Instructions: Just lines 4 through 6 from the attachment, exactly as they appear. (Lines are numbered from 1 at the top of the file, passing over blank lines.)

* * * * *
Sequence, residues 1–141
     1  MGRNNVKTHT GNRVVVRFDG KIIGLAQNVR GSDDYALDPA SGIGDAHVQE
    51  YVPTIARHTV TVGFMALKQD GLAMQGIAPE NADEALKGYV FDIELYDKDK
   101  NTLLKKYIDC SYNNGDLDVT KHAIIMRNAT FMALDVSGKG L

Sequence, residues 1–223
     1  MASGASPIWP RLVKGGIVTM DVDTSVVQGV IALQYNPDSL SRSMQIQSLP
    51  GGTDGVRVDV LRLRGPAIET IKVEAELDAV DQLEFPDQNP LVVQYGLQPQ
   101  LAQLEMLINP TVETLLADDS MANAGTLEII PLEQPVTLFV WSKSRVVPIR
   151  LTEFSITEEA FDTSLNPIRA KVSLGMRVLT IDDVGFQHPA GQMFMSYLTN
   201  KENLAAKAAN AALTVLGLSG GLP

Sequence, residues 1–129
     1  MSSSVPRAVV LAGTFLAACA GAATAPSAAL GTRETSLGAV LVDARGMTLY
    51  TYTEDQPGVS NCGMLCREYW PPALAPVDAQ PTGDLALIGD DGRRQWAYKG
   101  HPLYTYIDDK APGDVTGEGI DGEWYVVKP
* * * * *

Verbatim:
   101  NTLLKKYIDC SYNNGDLDVT KHAIIMRNAT FMALDVSGKG L

Sequence, residues 1–223
     1  MASGASPIWP RLVKGGIVTM DVDTSVVQGV IALQYNPDSL SRSMQIQSLP